Riding on the bandwagon of people going out of retirement for Hatsune Miku‘s 10th birthday, I’m breaking my 2 year writing hiatus to write a review of the only Vocaloid merchandise I own – the Yamaha AG03-MIKU 3 channel audio mixing console.
Before we go into the review, a quick background on how I got to buy the device in the first place.
With the more stable income from my new job, I went on to upgrade the stuff I use everyday. Of course, upgrading my gaming rig was the first on the list, but a year on, there wasn’t really any new stuff I need to upgrade.
My setup then wasn’t bad – I’ve still got a decent Samson Go Mic USB condenser mic that I used way back for voice overs and other recording stuff. But it was getting close to Christmas and I had to spend a part of my bonus on something that I would actually use rather than spend on some other, more impractical impulse buy.
Mic was no problem – Audiophile sells legit Shure SM58s. The problem was USB audio interfaces.
Dedicated audio interfaces like those from PreSonus were too unitask-y for me, not to mention their huge markups from local sellers. For a couple of months, I had resigned myself to getting an the only “cheap” device I could find locally online: okay-ish Behringer mixers with USB out which go for ₱5-₱12K.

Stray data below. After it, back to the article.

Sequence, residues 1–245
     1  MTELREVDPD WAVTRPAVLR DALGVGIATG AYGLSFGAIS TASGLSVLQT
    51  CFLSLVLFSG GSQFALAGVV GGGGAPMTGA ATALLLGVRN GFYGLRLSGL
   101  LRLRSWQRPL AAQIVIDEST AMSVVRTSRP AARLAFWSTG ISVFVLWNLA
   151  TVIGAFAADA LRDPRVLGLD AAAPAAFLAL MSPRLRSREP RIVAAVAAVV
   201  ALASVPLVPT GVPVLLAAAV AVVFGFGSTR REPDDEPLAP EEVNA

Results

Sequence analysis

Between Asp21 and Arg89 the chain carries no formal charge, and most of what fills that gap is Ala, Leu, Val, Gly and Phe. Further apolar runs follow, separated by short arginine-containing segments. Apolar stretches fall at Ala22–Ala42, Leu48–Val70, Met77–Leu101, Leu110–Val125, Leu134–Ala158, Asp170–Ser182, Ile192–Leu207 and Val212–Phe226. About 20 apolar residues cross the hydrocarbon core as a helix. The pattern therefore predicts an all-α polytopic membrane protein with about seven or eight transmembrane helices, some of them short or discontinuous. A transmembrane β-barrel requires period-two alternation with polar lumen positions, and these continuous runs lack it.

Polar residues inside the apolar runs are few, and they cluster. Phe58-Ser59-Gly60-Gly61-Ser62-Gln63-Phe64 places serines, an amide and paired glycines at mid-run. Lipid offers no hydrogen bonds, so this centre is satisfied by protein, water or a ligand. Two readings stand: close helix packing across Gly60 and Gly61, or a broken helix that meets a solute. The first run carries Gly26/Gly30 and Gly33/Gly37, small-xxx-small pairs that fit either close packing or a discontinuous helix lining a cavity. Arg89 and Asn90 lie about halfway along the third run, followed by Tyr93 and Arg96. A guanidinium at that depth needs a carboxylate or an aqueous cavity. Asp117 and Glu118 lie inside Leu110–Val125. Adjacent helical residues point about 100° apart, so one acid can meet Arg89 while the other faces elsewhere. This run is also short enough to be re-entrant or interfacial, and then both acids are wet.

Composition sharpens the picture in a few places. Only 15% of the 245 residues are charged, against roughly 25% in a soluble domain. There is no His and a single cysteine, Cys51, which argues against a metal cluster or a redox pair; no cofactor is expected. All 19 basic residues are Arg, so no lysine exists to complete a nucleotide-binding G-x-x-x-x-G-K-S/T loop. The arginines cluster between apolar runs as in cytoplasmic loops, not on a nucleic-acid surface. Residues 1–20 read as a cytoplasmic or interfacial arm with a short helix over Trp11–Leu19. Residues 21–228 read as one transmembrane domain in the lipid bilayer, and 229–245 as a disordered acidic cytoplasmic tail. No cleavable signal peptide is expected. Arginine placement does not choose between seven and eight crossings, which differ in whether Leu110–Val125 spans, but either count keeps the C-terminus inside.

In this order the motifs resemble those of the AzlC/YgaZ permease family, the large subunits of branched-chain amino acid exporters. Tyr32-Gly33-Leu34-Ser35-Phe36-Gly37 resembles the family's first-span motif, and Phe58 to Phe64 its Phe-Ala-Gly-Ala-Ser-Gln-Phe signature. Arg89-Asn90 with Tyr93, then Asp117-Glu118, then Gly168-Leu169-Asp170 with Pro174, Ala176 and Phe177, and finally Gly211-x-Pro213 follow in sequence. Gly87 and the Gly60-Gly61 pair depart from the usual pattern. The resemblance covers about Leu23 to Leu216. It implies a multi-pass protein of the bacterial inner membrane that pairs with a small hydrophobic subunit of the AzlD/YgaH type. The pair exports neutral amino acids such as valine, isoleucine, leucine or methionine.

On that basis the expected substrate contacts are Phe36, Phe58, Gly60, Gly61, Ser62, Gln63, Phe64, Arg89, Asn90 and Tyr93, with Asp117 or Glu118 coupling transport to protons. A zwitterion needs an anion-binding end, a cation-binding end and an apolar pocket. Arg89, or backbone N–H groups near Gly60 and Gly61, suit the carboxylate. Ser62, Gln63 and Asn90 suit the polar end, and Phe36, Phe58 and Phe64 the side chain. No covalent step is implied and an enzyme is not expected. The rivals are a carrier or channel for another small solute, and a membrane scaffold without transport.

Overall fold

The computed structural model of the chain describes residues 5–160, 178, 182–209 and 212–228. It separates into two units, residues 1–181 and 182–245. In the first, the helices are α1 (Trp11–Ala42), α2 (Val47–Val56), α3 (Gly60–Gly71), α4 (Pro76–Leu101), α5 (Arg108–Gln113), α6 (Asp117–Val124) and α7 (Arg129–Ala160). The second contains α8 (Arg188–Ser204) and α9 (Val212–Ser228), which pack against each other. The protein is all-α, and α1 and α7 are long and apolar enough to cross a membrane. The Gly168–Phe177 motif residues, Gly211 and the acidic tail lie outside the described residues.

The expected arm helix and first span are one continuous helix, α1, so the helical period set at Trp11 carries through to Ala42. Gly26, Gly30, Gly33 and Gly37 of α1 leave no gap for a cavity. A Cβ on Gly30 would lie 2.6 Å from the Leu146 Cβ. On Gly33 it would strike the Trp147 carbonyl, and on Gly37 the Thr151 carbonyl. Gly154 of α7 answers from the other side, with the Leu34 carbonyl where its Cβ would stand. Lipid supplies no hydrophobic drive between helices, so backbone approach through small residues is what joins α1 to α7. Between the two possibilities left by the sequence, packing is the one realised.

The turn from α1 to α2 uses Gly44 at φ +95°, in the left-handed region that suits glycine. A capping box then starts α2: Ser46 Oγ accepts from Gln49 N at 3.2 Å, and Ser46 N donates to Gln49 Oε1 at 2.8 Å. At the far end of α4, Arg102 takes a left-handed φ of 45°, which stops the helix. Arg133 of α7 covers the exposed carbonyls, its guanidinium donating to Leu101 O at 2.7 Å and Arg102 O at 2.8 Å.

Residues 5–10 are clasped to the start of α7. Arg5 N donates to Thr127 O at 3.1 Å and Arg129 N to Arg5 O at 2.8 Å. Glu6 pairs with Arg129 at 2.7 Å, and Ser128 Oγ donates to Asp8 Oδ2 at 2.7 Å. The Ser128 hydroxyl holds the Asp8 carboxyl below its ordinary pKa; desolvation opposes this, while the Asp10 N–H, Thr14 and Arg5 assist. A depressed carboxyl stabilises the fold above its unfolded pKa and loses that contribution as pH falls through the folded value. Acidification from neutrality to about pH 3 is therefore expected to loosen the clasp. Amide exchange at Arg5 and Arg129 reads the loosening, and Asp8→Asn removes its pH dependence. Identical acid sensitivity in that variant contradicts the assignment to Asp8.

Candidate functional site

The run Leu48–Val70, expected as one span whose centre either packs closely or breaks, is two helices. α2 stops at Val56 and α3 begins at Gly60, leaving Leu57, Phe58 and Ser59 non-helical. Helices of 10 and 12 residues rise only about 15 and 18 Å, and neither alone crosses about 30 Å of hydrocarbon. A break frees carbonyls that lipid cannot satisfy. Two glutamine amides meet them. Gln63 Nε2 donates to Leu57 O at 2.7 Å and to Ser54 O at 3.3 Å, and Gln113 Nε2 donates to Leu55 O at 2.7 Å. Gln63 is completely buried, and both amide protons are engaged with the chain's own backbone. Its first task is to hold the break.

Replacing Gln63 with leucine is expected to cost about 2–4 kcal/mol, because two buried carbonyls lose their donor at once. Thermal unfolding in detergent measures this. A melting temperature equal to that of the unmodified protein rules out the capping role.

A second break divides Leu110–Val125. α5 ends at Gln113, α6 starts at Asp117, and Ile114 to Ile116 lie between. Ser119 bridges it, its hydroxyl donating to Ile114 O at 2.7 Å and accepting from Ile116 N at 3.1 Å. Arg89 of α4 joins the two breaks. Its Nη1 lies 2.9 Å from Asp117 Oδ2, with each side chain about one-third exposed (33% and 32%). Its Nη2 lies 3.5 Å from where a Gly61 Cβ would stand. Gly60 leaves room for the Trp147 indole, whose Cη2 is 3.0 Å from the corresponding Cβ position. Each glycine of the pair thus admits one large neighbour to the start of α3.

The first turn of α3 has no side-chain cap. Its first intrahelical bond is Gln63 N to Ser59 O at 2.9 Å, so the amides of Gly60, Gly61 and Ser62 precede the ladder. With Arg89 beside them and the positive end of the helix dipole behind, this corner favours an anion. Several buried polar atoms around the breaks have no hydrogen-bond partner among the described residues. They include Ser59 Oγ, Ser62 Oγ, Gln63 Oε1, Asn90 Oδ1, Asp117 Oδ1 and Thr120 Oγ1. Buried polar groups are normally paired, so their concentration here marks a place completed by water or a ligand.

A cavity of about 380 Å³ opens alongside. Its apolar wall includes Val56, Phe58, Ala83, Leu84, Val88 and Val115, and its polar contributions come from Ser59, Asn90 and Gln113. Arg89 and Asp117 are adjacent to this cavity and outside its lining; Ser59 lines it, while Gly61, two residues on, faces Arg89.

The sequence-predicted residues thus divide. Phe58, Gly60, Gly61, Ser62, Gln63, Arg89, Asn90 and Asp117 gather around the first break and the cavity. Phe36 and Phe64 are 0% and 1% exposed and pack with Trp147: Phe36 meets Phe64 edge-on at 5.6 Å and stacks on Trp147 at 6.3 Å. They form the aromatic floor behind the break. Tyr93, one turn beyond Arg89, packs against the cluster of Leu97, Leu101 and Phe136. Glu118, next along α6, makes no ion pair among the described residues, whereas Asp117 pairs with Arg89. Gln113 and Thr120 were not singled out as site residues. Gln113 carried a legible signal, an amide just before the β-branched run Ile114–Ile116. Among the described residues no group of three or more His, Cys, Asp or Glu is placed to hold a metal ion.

Then I remembered Game Grumps once made a video about their setup and revealed they were using a Yamaha mixer/USB interface, specifically the Yamaha MG12XU. This got me looking into locally sold Yamaha mixers, and in the process found out that they were selling hobbyist versions of their mixers – the AG Series.
But that was shut down when I found out that the this line wasn’t even on the local distributor’s radar. International shipping would also push the cost to > ₱10K. So back to Behringer again…
That is, until a random morning when I was searching for similar options to the AG series when I found out about the special edition AG03-MIKU – a Hatsune Miku themed AG03 promoted for webcasting. The cross promotion makes sense as Yamaha built the Vocaloid software, and without Crypton Future Media‘s Miku, Vocaloid wouldn’t have been as popular as it had been in the past decade. This tie-up also gives opportunities for aspiring producers and singers to make more Vocaloid material, benefiting both.
At first I dismissed it – the first page of search results for AG03-MIKU back then showed only Japanese stores (which are hard to navigate and probably don’t ship internationally) and Ebay listings with huge markups.
Then I stumbled upon Amazon.co.jp.
Ok, so Amazon Japan sells AG03-MIKU. But surely it’s more expensive than the plain AG03, right?
And they also offer international shipping. All in all, it only costs around ₱8K (₱6K for the item, ₱2K for the priority shipping), well under the ₱10K customs duty-free limit.
(Note: I still had to pay a deposit for the expected ~30% customs fee, but they refunded it later.)
And so I impulse bought yet another device that I may not use that often. I mean, it’s a well reviewed device (it’s essentially an AG03 with a Miku decal and a more vibrant Miku color scheme) and it ups my geek cred (Vocaloid is popular, but not quite poser-geek mainstream yet), but it’s got a limited use case i.e. to replace my old microphone with a setup that is 5 times more expensive in situations that only happen at most once a month.